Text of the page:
Expressions (20) and (21) relate the parameters that define the spectral properties of the pulse, namely the spectral width Ω and the spectral coherence width Ωc, to the parameters T m and Ωs that we may control, at least over certain intervals, by experimental means. These expressions may be called equivalence relations in the sense that there exists an infinite number of combinations of T m and Ωs that yield either the same spectrum or the same spectral degree of coherence (but not both at the same time).
It is interesting to look at certain limiting cases. Expression (20) shows that with slow modulation (T m → ∞) the spectrum of the pulse is the same as the spectrum of the stationary source, while Eq. (21) implies that Ωc → 0, i.e., the pulse becomes spectrally uncorrelated. These are indeed the expected results in in this limit we have a stationary field, which is well known to be spectrally uncorrelated. In the opposite limit of fast modulation (T m → 0) the spectral width grows without limit, as does the spectral coherence width: a fully coherent pulse is obtained. While these limiting cases are both well understood, the Gaussian Schell model provides a continuous, quantitative link between them.
We have applied the general coherence-theoretic model for temporal model of stationary light sources, presented in Section 2, to the Gaussian Schell-model for which analytical results can be obtained. We stress, however, that the model of Section 2 is generally applicable. In a future paper we plan to discuss in a less formal manner.
The main results of this paper, Eqs. (20) and (21), imply that it is not possible to reduce the spectral width of the original source by control of the spectral coherence with temporal modulation. This is rather obvious in vacuum, but the situation may become more interesting in dispersive media if chirped pulses are employed. We have shown before  that there exists an intimate relationship between partial spectral coherence and chirping of coherent pulses if the pulse exceeds the condition for minimum spectral-temporal product; in fact, it is not a simple matter to distinguish these effects without making explicit spectral coherence measurements. In order to perform these it appears necessary to develop new experimental techniques. Hence at least two lines of further research can be foreseen at this stage: modelling of partially spectrally coherent pulse propagation in dispersive media and experimental measurement of the spectral coherence properties of pulses.
In this paper we have assumed that the pulse is effectively a plane-wave pulse as illustrated in the geometry of Fig. 1. It would be of interest to extend the results to spatially finite, partially coherent stationary sources, which are modulated temporally as assumed here. Such an analysis appears mathematically difficult but could offer significant additional insight. For instance, it appears obvious that both the spectra and the spectral coherence properties of fields thus generated would depend on both time and position. Thus extensions toWolf’s theory of spectral shifts to pulsed fields are foreseen.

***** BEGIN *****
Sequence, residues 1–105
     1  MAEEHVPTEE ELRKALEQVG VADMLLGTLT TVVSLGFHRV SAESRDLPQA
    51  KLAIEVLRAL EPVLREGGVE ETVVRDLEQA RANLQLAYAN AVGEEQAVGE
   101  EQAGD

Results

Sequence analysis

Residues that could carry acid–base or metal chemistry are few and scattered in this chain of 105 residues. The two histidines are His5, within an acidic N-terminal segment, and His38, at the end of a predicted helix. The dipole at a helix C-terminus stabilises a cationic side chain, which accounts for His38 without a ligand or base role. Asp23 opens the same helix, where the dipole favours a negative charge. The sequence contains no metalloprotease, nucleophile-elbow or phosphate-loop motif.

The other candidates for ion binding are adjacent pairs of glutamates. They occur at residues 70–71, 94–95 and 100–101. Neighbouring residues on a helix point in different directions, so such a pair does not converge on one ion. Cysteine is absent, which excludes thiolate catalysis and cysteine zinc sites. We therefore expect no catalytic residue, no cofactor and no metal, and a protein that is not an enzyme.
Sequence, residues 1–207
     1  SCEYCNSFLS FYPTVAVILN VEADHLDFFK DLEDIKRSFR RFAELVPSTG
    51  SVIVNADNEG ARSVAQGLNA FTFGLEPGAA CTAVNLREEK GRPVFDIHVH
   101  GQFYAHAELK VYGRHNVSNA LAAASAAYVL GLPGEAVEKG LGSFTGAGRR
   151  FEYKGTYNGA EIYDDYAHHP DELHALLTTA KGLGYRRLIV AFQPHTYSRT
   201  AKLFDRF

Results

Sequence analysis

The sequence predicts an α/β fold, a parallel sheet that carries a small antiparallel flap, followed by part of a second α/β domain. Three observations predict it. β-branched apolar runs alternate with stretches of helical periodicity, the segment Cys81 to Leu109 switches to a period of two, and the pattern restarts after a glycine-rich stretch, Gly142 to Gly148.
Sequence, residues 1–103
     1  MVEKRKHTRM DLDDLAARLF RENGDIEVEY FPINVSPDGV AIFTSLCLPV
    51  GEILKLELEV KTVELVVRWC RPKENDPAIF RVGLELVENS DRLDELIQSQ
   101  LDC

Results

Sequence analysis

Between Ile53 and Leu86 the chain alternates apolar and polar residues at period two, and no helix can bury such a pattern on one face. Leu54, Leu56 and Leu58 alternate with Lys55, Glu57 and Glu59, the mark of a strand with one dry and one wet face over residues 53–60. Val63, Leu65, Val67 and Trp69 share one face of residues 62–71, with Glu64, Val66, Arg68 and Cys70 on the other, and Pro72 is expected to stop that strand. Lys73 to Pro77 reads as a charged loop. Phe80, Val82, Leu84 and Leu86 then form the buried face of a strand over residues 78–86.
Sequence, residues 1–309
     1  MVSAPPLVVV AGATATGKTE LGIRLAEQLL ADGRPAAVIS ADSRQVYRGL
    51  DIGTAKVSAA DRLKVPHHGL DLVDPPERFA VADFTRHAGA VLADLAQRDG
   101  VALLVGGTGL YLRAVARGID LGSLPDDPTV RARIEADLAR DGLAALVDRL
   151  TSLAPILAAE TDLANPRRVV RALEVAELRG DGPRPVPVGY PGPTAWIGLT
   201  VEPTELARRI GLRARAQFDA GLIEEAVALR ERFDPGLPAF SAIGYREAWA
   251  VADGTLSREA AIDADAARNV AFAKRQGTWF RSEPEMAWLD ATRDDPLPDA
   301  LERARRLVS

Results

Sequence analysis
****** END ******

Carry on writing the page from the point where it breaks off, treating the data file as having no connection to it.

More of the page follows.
It is also interesting to compare the experimental generation of spectrally partially coherent Gaussian Schell-model pulses to their spatial, stationary, counterparts [10, 11] (see Fig. 1). The scheme of generating a spectrally Gaussian Schell-model field, illustrated in Fig. 1(a) is clear from the discussion presented above. The spatial analogy is provided in a 4f system with a reflective spatial filter F(r) (see Fig. 1(b)). Here one starts with an incoherent Gaussian source in the spatial frequency domain. The intensity distribution of this source (at certain frequency) is a Gaussian function S s(f). The field in the spatial domain has a constant intensity distribution but a Gaussian Schell-model-type distribution of the complex degree of spatial coherence µ(r 1–r 2). When truncated spatially by the (reflective) filter function F(r), we obtain a field with a Gaussian spectrum S(f) and a Gaussian distribution of the degree of spatial coherence µ(f 1, f 2) in the spatial frequency domain.
We have so far assumed that the stationary source is modulated externally. However, we do believe that there exist spectrally partially coherent primary sources that could be described by the presented model, at least approximately. The most obvious candidates are excimer lasers and other high-power lasers, whether they are modulated internally or externally. It is difficult to imagine that full (or even substantial) spectral coherence can be gained in laser cavities if the beam effectively exits the cavity without experiencing more than a few passes through it. If this is the case, the pulse must surely be spectrally partially coherent and the theory presented in this paper should be considered for the characterization of its spectral coherence properties, at least to separate the effects of chirping and partial spectral coherence. This leads directly to possible applications in, e.g., optical data transmission over relatively short distances via fiber links; however, these aspects remain to be examined further.
We have shown that spectrally partially coherent pulses are generated routinely when stationary sources of light with spectra of finite width (such as light-emitting diodes) are modulated temporally. In particular, we have demonstrated that useful model pulses, namely Gaussian Schell-model pulses introduced in Ref. , can be generated by Gaussian temporal modulation of the radiation emitted by sources with Gaussian spectra. Using the general formalism presented in Section 2 it is possible to model any real spectra and modulation functions, and to predict the spectrum and the spectral coherence function numerically. We believe that the results obtained here are of interest in the theory of nonstationary fields and that they may also have substantial practical applications in, e.g., the optimization of short-distance optical fiber communication links.
This work was partially funded by the Academy of Finland (project 201008) and the Ministry of Education, Finland, through the Graduate School on Modern Optics and Photonics.
References and links